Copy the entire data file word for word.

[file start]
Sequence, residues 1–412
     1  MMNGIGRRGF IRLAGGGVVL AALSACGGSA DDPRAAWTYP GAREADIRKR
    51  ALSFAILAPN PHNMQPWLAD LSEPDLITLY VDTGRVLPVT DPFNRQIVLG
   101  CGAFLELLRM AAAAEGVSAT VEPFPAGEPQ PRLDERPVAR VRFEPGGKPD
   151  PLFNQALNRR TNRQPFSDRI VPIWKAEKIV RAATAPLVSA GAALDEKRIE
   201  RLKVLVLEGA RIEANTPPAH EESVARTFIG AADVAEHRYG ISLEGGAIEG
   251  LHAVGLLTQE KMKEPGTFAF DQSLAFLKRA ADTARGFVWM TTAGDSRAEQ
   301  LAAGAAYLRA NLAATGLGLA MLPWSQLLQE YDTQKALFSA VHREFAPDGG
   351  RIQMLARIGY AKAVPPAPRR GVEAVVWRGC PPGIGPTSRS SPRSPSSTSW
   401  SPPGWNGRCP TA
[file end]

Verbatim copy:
Sequence, residues 1–412
     1  MMNGIGRRGF IRLAGGGVVL AALSACGGSA DDPRAAWTYP GAREADIRKR
    51  ALSFAILAPN PHNMQPWLAD LSEPDLITLY VDTGRVLPVT DPFNRQIVLG
   101  CGAFLELLRM AAAAEGVSAT VEPFPAGEPQ PRLDERPVAR VRFEPGGKPD
   151  PLFNQALNRR TNRQPFSDRI VPIWKAEKIV RAATAPLVSA GAALDEKRIE
   201  RLKVLVLEGA RIEANTPPAH EESVARTFIG AADVAEHRYG ISLEGGAIEG
   251  LHAVGLLTQE KMKEPGTFAF DQSLAFLKRA ADTARGFVWM TTAGDSRAEQ
   301  LAAGAAYLRA NLAATGLGLA MLPWSQLLQE YDTQKALFSA VHREFAPDGG
   351  RIQMLARIGY AKAVPPAPRR GVEAVVWRGC PPGIGPTSRS SPRSPSSTSW
   401  SPPGWNGRCP TA